• Web-connected libraries for Africa: the dream of digital knowledge for all – Guardian. “with an initial funding of $50,000 from Kickstarter, library startup Librii is building its first “eHub” prototype: a shipping container filled with computers, printers and training materials, connected to a simple, low-cost study centre, which will let visitors access information, print books and other materials and, crucially, contribute back to the project and the web at large. Once the prototype is complete and tested, a partnership with the University of Ghana and Librarians Without Borders is intended to start shipping the embryonic libraries to Africa,”
  • What is going on with New York’s public libraries? – Librarian.net (USA).  Damning graph shows big increase in use (visits and issues) at New York libraries but funding reduced.
  • Why Public Libraries Are A Better Investment Than Gold – ABC (Australia). 6 minute interview detailing the return on investment of public libraries in Australia.


Local news

  • Barnet – Tottenham MP David Lammy visits Friern Barnet Library to discuss his book Out of the Ashes – This is Local London. ““I hope the Labour group takes Barnet back in the next election. We need a more compassionate Barnet, one that is close to the people – as this library shows.  It is very good the library is still here, it’s wonderful that it is so active and there were so many people engaged and asking questions. They deserve answers, and I put some of them in my book.””
  • Coventry – Central Library reopens after £130,000 makeover – Coventry Telegraph. “The building, in Smithford Way, city centre, has been given a refurbishment for the first time since it opened in 1986. Improvements included all areas being re-painted and re-carpeted as well as the popular children’s library being enhanced.”.  [Some great photos – Ed.]
  • Ealing – Shared services are key to saving borough millions, insists Ealing – This is local London. “Millions of pounds may be saved by awarding contracts for shared delivery of library and leisure services in Ealing. A meeting this Tuesday will recommend awarding contracts to private companies in a joint venture between Ealing, Harrow and Brent.” … “Early ideas include shared leisure and library card schemes, with aligned pricing and discounts, shared management and shared back-office teams.” … “John Laing are one of 10 companies listed as possible library service providers as they already run libraries and other services in Hounslow.”

“Contracts for managing up to 25 libraries are available for five-years including an optional five-year extension, reportedly worth £90,000-£100,000 for 10 years.”

  • Essex – First Essex library in 25 years opens in Springfield, Chelmsford – BBC News (cached). “Springfield Library has been built as an extension to the local parish council building in St Augustine’s Way, in the north of the city. Essex County Council said the service would be run by volunteers, with the help of its libraries staff.”
  • Herefordshire – Cuts are to be discussed – Ledbury Reporter. “The Unison union said a funding cut – believed to be around 75 per cent – would “almost certainly” see Hereford central library the only one in the county to survive. An online petition against the cuts has attracted 3,000 [5,400 as of checking now – Ed.] signatures. The council has neither confirmed nor denied the figures, issuing a statement saying that any alternatives to present provision are “only at the proposal stage”.”
  • Herefordshire – Campaigners protest against Herefordshire Council cuts – BBC. “More than 60 people have held a protest against plans by Herefordshire Council to cut budgets and jobs.” … “more than 1,000 people had signed a petition against the cuts in the two hours the protest lasted.”.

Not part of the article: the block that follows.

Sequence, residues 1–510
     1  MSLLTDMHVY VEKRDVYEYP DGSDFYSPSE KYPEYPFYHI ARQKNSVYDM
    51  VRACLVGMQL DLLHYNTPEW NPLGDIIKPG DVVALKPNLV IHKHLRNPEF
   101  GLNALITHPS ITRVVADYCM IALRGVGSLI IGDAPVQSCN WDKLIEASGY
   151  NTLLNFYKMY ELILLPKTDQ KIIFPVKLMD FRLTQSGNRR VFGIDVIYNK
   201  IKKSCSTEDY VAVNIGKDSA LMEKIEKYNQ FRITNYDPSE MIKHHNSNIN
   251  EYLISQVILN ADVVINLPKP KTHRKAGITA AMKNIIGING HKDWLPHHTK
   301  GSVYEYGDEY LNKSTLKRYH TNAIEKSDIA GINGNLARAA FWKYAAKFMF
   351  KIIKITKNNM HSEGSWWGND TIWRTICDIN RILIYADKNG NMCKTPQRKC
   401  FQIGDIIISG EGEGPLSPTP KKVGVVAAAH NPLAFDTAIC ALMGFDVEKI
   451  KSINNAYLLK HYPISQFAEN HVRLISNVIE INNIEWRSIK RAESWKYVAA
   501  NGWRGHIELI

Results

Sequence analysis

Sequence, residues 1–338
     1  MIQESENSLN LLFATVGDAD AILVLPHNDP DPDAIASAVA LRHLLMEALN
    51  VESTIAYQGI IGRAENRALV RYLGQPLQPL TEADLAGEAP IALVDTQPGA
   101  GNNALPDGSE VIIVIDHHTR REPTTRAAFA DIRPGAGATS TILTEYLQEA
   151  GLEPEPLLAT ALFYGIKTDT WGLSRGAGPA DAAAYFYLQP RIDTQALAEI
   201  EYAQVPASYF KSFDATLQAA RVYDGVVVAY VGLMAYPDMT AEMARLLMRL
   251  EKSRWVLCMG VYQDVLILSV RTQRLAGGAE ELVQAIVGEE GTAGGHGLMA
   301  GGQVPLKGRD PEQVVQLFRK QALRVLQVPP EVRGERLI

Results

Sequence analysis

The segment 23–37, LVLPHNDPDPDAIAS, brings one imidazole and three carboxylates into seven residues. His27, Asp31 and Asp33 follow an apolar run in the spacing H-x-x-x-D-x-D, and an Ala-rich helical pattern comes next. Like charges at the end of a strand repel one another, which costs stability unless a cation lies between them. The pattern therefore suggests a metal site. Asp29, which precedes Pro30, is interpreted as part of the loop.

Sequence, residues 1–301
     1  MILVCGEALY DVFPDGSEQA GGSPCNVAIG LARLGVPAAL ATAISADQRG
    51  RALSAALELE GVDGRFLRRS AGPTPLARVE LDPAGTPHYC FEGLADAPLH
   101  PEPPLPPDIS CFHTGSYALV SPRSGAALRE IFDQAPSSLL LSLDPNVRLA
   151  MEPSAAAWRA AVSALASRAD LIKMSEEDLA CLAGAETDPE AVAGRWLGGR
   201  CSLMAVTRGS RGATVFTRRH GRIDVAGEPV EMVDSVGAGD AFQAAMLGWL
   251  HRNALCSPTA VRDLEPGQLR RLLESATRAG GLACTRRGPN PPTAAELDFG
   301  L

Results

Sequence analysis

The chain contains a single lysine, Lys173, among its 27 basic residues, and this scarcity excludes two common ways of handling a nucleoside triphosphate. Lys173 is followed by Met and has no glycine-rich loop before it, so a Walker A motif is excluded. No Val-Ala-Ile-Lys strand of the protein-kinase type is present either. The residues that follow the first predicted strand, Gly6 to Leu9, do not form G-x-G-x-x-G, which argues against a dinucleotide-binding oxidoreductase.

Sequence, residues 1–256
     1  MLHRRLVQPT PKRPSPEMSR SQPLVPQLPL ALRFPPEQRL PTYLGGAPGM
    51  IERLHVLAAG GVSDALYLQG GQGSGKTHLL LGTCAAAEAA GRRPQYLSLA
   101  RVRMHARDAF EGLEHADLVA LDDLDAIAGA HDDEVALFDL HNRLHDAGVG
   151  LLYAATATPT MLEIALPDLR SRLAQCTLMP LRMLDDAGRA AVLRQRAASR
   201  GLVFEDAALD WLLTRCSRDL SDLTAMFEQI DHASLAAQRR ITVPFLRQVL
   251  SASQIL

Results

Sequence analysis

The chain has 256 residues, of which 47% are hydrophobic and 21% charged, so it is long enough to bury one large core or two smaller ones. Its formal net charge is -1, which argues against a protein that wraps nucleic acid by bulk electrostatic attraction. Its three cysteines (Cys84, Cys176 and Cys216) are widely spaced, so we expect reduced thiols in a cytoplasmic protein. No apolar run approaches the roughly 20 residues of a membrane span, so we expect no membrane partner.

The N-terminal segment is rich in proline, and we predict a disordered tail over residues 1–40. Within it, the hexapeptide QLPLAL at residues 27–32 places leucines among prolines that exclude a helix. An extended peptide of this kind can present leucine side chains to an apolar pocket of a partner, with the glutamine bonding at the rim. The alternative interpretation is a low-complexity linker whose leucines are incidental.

• Herefordshire – Save Our Libraries & Museums High Town Rally 18th May 2013 – Youtube.
  • Herefordshire – Green councillor Felicity Norman sees red over cabinet meeting cancellation – Hereford Times. “Felicity Norman, Member for Leominster North, condemned the decision to defer the debate to full council next Friday, saying members coming in for the meeting had not been told of the decision and only heard when they arrived. A large crowd of protesters, including Unison members, were also unaware of the change of plan.” … “Coun Norman sided with the Its Our County group and one Independent in refusing to support the budget the council passed in February and since found to be flawed. The resulting shortfall of around £8.4m has to be met by a new budget plan that puts services from public toilets to libraries and museums in the shadow of the axe.”
  • Liverpool – Central Library cathedral of knowledge – ItsLiverpool. “if the old Liverpool Central Library could (charitably) be described as ‘municipal practical’, it’s butterfly reincarnation is nothing short of magnificent. In fact, it’s now so heart-gladdeningly splendid, I can easily imagine it becoming a tourist attraction in its own right alongside its William Brown Street neighbours.”

“We’re a proud city with a proud history. And while life may have its ups and downs at the moment, this new incarnation of our landmark library is yet another thing to be proud of.”

  • Oxfordshire – As soon as you can say “non disclosure agreement” – Dumb Librarian. “We have career public servants directly engaged in the outreach programme to Community Libraries and their supporters. Some profess an active interest in “Change Management” which usually translates into getting as much as possible for the absolute minimum cost. Complex legal agreements are in the pipeline for any support group working with their local library to provide volunteer. How they will know whether an agreement is safe to sign is highly questionable.” … “we appear to have no net financial gain to the County, a net loss in terms of professional library staff, and support groups dedicating countless hours of unpaid time to fill the gaps.”
  • Staffordshire – Libraries to make a noise for the blind – Burton Mail. “Staffordshire County Council is marking ‘Make a Noise in Libraries Fortnight’ by reminding residents just what the county’s libraries have to offer blind and partially sighted people. The event is an annual campaign to bring public libraries and blind and partially sighted people together to improve access to books and information”
  • Stockton – Row over future of Stockton borough libraries – Darlington and Stockton Times. Councillors fear closures will be like “closing an accident and emergency unit”.
  • Wirral – Easy reading for Wirral teenagers – Wirral Globe. “girls combined an evening of culture and pampering when local hairstylists and nail technicians attended to their whims at Bromborough Library. On a more serious note at the “Lipstick Library” successful teenage author Luisa Plaja was invited to promote her new book Diary of a Mall Girl.” … “Local businesses The Beau-Tea Rooms, Red, White and Beauty, Matalan and Caroline & Co provided their services and competition prizes to support the event.”.